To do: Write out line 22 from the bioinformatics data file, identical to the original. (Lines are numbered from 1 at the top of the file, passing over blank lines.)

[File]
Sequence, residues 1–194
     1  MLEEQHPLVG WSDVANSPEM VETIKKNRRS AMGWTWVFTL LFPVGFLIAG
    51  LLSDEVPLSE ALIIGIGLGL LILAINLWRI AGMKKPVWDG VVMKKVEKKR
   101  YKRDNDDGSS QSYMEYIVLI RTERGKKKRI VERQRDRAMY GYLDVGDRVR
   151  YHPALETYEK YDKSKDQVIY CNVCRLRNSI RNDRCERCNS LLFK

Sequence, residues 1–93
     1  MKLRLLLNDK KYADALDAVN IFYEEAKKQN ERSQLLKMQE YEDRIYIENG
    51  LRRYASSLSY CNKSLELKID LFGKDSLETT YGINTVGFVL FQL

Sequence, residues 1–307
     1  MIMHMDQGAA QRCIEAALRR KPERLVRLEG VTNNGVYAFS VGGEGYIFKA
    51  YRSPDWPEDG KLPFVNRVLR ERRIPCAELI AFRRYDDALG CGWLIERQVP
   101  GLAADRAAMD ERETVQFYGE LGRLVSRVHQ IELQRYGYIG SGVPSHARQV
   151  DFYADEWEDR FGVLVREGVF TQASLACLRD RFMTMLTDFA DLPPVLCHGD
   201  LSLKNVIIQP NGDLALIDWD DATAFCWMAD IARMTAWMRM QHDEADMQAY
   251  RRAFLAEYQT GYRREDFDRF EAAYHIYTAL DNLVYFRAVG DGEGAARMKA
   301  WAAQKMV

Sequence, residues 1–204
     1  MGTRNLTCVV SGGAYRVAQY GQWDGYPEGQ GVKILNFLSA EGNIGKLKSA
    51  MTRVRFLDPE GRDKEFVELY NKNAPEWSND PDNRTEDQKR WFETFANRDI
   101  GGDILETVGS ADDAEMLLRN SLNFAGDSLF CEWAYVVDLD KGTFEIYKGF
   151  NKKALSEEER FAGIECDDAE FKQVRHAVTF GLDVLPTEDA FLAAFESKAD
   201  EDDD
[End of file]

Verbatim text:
   201  EDDD